Officials fear that the death toll in the California mudslides could climb
Authorities fear that the death toll in the mudslides that rocked southern California earlier this week could continue to climb.
To date, 17 deaths have been reported, with 28 injuries recorded in Santa Barbara County following a deluge that hit the area devasted by wildfires just last month.
Police say that more than 17 people are still missing, while the death toll rose after two more bodies were found on Wednesday afternoon.
Emergency services were able to rescue more than 50 people already, but efforts were being hampered as certain areas remained inaccessible.
"We are still very much in active search-and-rescue mode," Chris Elms a spokesperson for Cal Fire explained, warning that the death toll could still increase.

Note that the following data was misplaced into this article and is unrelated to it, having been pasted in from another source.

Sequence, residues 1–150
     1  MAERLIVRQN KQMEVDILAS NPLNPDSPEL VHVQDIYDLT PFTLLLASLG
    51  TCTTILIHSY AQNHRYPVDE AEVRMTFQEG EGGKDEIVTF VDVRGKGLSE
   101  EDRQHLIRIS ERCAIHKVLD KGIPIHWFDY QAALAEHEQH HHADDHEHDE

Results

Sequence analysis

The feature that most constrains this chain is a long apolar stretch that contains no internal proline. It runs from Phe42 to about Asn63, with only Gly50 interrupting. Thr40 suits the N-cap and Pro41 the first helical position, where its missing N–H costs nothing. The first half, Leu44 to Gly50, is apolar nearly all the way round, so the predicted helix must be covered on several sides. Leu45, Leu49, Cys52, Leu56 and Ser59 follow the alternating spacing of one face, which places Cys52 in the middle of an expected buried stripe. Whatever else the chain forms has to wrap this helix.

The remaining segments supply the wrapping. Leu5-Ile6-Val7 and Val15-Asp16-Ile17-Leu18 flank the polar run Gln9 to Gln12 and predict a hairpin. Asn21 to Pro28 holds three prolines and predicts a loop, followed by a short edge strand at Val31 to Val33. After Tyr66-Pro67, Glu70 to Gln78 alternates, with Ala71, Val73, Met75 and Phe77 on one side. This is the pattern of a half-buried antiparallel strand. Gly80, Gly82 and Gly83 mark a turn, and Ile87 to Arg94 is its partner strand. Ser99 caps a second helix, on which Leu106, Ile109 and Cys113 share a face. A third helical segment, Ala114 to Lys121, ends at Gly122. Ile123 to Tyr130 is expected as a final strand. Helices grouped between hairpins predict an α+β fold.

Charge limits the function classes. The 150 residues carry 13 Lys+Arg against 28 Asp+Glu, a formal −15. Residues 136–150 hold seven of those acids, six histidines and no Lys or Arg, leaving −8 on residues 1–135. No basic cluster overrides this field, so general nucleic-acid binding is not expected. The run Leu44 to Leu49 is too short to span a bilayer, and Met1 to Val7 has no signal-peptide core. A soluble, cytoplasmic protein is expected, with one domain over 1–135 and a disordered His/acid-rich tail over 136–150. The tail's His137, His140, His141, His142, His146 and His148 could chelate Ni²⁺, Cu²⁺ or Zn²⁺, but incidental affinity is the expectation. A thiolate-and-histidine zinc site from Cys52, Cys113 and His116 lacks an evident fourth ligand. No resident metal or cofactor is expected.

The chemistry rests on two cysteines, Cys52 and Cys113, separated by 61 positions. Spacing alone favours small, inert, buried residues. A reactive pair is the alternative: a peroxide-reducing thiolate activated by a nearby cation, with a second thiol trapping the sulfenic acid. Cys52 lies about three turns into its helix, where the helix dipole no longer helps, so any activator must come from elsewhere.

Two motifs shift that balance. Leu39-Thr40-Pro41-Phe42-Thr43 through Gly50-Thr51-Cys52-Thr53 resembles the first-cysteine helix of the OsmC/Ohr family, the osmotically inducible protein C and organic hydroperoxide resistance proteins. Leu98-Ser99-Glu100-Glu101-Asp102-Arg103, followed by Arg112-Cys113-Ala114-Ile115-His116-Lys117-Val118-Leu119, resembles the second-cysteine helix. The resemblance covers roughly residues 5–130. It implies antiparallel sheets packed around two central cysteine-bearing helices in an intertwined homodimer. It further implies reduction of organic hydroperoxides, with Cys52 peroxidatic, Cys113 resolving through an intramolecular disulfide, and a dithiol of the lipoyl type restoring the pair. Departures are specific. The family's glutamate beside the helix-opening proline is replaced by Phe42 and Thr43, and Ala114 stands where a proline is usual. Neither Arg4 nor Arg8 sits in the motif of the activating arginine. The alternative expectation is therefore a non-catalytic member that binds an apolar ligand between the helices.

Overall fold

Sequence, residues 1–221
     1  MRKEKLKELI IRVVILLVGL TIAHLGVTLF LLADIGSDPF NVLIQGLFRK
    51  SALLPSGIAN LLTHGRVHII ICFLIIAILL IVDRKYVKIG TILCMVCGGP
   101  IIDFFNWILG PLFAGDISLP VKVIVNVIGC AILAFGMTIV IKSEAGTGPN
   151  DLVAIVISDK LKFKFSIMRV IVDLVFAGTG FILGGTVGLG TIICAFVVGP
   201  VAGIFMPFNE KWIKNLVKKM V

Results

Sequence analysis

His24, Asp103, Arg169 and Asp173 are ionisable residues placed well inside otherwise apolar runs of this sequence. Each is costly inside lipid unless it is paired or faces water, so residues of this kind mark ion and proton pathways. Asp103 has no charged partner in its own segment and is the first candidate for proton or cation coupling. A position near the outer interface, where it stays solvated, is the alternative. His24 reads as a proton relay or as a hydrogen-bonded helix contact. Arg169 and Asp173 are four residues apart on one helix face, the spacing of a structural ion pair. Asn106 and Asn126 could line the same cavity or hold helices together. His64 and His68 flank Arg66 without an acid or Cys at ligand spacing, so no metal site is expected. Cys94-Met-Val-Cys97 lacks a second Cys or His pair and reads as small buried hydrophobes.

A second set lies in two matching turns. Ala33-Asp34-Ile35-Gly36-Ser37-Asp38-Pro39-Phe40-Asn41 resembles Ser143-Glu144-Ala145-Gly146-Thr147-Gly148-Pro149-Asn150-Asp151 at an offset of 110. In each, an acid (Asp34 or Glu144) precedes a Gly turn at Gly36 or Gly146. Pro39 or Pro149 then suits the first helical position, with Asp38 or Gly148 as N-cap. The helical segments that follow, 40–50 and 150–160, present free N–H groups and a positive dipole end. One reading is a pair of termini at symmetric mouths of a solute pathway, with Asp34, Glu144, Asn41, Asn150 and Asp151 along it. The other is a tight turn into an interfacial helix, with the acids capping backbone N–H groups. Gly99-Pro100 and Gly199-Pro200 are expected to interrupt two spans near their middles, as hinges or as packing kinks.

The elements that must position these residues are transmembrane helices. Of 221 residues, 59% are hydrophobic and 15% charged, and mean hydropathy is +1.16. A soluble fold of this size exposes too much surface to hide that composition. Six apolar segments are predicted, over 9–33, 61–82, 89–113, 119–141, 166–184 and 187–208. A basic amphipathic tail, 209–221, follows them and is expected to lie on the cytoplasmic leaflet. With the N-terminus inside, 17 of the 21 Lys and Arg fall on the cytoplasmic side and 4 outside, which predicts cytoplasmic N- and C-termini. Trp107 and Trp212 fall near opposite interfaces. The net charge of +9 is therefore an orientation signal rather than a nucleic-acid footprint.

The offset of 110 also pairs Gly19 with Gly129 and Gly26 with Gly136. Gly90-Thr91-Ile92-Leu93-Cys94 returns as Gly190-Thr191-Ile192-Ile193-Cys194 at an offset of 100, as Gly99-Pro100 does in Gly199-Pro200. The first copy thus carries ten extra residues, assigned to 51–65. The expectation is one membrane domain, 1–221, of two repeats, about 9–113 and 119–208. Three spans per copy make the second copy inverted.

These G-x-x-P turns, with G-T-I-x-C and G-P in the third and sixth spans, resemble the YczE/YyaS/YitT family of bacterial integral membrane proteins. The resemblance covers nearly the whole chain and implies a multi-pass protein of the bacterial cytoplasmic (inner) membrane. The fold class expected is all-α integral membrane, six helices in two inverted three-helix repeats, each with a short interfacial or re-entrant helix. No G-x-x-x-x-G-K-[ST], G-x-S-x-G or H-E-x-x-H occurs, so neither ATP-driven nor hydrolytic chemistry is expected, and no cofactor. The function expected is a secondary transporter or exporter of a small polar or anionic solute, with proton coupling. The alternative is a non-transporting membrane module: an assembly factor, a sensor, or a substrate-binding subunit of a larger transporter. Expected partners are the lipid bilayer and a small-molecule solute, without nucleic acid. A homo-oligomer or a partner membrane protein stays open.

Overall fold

"That's a fear. We are still very hopeful that we will locate people alive," he added.
One of the neighbourhoods affected by the mudslides is the upmarket suburb of Montecito, which is home to celebrities like Rob Lowe, Ellen Degeneres and Oprah Winfrey.
The devastating mudslides occurred after the first rain to fall in the area in months fell shortly after wildfires decimated larges tracts of land in December.
Following the fire, burned vegetation and charred soil created a water-repellent layer which blocked water absorption, BBC reports.
Officials said that in some areas, mud was reported to be as deep as waist-high.
California Governor Jerry Brown in December warned that climate change meant that the state was "facing a new reality" as wildfires could erupt more regularly now - "every year or every few years", he warned.
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